Once the pump in the recirculating sand filer was started, TKN

concentrations within the septic tank, again a reliable indication

of Total Nitrogen concentration, declined almost immediately as can

be seen in Figure 4.4.    As in Site 1, no detectable amounts of

nitrates were found leaving the septic tank which indicates that

denitrifying bacteria are able to convert any nitrate entering the

septic tank to nitrogen gas.

     Figure 4.6 shows that the as of mid-December, approximately 12

mg/l of Total Nitrogen is exiting the denitrification system to the

mound system.     Conversely, Figure 4.4 shows that before the

recirculating sand filter was installed an average of 43 mg/l of

Total Nitrogen was being pumped to the mound system. This amounts

to a 72% decrease in Total Nitrogen leaving the system.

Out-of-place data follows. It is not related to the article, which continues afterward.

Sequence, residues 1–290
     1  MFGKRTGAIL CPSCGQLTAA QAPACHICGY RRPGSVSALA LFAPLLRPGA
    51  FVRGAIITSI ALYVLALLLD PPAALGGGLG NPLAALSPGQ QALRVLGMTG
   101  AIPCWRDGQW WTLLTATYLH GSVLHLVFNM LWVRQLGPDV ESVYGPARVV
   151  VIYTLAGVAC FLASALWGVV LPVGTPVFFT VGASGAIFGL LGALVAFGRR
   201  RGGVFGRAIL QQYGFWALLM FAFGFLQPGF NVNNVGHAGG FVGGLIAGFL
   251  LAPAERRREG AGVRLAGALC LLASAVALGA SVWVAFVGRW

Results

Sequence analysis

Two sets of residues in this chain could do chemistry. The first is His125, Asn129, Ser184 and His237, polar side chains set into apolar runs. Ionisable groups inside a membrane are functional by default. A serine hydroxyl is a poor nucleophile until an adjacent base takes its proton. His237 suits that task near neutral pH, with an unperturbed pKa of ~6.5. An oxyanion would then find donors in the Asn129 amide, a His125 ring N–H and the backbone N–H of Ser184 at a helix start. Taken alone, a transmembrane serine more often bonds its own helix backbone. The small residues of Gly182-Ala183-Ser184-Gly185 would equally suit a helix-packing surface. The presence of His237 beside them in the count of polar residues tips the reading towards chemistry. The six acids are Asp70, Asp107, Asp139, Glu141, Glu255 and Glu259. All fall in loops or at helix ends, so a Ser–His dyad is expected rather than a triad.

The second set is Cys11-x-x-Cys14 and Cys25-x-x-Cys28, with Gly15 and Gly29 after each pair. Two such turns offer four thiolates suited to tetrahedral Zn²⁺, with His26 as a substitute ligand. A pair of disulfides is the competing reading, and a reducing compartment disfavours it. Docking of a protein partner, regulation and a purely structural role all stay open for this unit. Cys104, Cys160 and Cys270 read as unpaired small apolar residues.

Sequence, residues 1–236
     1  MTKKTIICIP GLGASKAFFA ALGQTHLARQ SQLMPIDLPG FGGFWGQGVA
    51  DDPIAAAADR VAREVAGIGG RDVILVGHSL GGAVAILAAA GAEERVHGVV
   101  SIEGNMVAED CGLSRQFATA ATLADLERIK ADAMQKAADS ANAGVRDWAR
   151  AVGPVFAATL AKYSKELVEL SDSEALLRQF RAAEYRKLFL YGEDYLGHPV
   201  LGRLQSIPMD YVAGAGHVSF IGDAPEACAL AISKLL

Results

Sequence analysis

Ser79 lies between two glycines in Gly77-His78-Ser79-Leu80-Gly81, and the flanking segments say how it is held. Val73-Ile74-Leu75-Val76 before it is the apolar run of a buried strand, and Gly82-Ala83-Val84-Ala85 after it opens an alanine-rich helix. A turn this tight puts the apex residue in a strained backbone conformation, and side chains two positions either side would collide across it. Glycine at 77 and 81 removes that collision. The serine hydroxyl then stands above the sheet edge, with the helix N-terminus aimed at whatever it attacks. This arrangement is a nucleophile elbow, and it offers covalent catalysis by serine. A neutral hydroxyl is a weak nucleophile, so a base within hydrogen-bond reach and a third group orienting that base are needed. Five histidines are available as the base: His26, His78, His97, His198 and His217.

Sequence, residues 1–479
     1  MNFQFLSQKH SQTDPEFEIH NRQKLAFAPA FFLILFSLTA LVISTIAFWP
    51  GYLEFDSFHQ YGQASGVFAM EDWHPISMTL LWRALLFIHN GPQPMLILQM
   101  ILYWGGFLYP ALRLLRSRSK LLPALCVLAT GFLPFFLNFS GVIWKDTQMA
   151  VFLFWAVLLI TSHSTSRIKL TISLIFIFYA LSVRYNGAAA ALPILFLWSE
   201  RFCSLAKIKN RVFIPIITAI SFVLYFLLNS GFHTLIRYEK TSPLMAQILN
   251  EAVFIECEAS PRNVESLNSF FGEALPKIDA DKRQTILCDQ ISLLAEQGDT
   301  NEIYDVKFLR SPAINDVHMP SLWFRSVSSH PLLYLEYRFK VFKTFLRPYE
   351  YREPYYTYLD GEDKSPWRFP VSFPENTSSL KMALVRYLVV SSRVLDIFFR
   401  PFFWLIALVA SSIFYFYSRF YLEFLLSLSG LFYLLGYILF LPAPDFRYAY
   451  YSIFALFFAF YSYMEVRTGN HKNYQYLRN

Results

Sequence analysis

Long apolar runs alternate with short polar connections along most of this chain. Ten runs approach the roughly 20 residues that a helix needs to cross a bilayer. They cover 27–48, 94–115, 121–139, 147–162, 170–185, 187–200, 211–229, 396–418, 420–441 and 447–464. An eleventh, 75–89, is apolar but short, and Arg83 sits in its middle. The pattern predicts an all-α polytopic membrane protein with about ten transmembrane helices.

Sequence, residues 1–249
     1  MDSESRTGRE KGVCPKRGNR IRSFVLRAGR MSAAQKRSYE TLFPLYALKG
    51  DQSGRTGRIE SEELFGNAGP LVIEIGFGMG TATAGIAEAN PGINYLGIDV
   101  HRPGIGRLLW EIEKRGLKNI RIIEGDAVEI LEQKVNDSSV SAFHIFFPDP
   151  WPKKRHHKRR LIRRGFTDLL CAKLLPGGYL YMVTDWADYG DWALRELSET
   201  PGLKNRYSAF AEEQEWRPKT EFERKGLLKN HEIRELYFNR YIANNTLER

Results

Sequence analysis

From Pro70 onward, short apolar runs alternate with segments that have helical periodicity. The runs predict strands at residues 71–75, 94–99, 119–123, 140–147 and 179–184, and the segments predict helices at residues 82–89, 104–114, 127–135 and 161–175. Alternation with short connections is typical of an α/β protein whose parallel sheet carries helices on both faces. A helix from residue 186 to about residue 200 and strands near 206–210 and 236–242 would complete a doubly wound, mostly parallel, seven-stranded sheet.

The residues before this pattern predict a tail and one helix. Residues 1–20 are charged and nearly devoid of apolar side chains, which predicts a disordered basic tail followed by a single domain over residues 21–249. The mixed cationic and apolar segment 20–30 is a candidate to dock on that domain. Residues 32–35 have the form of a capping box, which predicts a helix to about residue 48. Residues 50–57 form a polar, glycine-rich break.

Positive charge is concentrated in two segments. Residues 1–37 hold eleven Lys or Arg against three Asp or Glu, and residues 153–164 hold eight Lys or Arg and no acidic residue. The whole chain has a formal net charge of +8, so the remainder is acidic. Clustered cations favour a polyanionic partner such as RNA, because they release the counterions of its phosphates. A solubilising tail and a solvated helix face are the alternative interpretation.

As  can be   seen  in Figure   4.7, as   of mid-January   the

 temperature of the septic tank and pump chamber of the sand filter

 is around 140C. This is much higher than the temperatures at Site

 1 which   we  feel  is  due  primarily   to  the  facts  that  the

 recirculating sand filter at this site is located deeper in the

 ground and that this site presently has a much higher water usage

 than the other site. While these temperatures are higher than the

 temperatures at Site 1, they are still on the low range of

 temperatures reported for nitrification rates and thus may have an
 impact on the nitrification process before the winter is over.
      Groundwater samples have been taken at both sites a few times

 since the systems have been installed and started.    Presently, we

 are beginning to increase the monitoring schedule of groundwater